Then in 1999, Kevin was asked by a friend who worked there as a financial adviser, to go along to Lloyds Bank for a financial review.

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“Unbeknown to me, I was being set up for an interview with his boss, and I came away with a job offer as a financial adviser. I was flattered and couldn’t believe my luck. Receiving a job offer from a bank was a huge boost to my self-esteem. Everyone thought it was amazing and obviously, it was much easier to get a mortgage. It provided better working hours, and  I was still doing what I loved which was selling, dealing with people, and finding solutions to their problems.”

Kevin spent the next couple of years with Lloyds where he was given training and qualified as a financial adviser.

“This period taught me how to study and pass exams and I learnt a terrific amount, but I didn’t like being tied to one product supplier.

“You’ve guided people to what they need around pensions, investments and life insurance, but I knew the product I was signing them up for, potentially, could be cheaper or more appropriate with another provider.

“I felt tied and compromised, so I applied for jobs with IFA firms and was offered an employee benefits manager position with Swallow Financial Planning in Ipswich.

“This role involved looking after companies and their employees and unusually for the time, the job was fee, rather than commission based. So, this helped me to act impartially to shape and guide people, and not be steered by what I would earn out of the product I sold.

“I got a great deal of satisfaction from being trusted by my boss Andrew Swallow, to develop an approach that was genuine and honest, and where I felt I was doing the right thing. Also, most importantly, I had the time to explain things in a way that people fully understood, giving them genuine supportive guidance so they didn’t go into things blind.”

Things were going really well, when in 2002, Kevin was approached to go back into the motor trade with a job role he couldn’t refuse.

“I was contacted by Sterling Motor Group and offered the sales manager’s position at the Nissan and Renault showrooms on Norwich Road in Ipswich. I felt it was such a good opportunity as I was tasked with turning the dealerships around and increasing sales.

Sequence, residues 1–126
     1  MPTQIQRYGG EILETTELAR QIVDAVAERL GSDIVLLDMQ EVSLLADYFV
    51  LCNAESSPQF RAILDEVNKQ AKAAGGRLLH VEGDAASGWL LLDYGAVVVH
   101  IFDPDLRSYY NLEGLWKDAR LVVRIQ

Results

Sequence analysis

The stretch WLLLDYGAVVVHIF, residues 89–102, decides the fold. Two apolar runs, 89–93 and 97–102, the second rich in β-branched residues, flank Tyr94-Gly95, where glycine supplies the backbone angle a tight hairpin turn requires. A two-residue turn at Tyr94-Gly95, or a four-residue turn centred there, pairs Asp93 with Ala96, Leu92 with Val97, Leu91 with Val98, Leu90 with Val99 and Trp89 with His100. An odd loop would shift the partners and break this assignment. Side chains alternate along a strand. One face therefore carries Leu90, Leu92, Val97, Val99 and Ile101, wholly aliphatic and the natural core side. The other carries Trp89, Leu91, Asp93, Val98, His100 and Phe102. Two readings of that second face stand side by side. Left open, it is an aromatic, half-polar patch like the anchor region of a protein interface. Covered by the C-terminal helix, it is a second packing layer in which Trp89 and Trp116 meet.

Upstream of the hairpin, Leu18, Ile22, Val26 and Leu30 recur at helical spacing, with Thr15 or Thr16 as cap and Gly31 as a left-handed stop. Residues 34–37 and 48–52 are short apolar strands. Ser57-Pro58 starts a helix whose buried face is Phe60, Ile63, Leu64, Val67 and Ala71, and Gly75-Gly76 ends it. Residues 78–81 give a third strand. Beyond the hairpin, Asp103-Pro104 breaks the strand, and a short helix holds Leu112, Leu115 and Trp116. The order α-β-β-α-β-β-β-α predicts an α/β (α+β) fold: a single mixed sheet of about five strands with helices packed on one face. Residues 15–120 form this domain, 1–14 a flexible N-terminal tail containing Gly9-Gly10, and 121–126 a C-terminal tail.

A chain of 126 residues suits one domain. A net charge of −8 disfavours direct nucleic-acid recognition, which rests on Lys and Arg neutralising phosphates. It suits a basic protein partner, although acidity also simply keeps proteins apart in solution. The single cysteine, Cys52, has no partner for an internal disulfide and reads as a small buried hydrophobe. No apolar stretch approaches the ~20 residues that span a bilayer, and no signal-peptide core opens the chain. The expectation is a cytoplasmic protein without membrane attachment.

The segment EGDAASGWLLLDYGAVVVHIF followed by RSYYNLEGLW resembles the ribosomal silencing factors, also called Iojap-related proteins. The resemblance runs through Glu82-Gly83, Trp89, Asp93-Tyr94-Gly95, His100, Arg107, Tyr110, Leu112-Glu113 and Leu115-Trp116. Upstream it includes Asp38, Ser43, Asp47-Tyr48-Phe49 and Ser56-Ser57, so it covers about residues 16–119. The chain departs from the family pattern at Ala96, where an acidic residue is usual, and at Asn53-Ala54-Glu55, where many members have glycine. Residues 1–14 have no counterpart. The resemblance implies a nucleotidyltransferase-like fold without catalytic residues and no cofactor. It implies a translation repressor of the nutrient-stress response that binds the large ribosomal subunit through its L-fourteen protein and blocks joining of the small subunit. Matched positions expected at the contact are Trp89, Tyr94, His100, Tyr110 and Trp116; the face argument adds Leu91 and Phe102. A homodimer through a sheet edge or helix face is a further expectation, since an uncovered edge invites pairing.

“My first action was changing all the existing salesforce and employing a whole news sales team with no car sales experience. I taught them how to sell in my dad’s way, finding out what the customer needed, as well as what they wanted, before treating them right and giving them a good deal.

“It took a year to achieve results. Our customer service scores went through the roof. Mystery shops were receiving 100% scoring and our sales volume had increased, together with our profit per unit figures.”

However, Sterling then decided to sell the dealerships to Glyn Hopkins. All the staff retained their jobs, except for Kevin and his boss.

“We were victims of our own success; if we hadn’t turned the dealerships around, they wouldn’t have been able to sell them. As a result, I was moved to the Daewoo / Kia dealership on Station Road in Ipswich. It wasn’t what I wanted, so I started to look for a job that would suit my long-term career goals.

“I had just married Beth and she had a good job as a Radiographer at Colchester Hospital. Our home was in Kesgrave, and we were wanting to start a family, so I wanted better hours and prospects.”

Then a friend told Kevin about a vacancy for a relationship manager at Barclays Bank.

Building his self esteem

“It was a long application process, so I gave up my job to focus on getting it. There were lots of interviews and assessments, but I was offered the job as a Fastrack position, which involved two years of training in more junior roles. However, I quickly realised that the only relationship manager position that would open up locally would be on someone’s retirement in nine months’ time. So, I fast tracked the Fastrack to accomplish my grades and was appointed to the role covering Bury St Edmunds, Mildenhall and Thetford late in 2004.

“I loved the job, helping to support and guide customers. Yet, imposter syndrome kicked in, based on my underlying self-esteem issues. Most of my colleagues had passed banking exams which were equivalent to a degree, and I had my A level Maths at Grade D!”

In 2005, Kevin was at an Institute of Directors conference where former chairman of Ipswich Town FC, David Sheepshanks CBE, was talking about how mentoring had helped him in his career.

“I bit the bullet and approached him to ask whether he would mentor me and he said yes. For a year we met monthly and with his guidance I gained a lot of confidence. He was great at supporting me, but he was brilliant at pushing me out of my comfort zone, challenging me and asking me why I felt like an imposter.”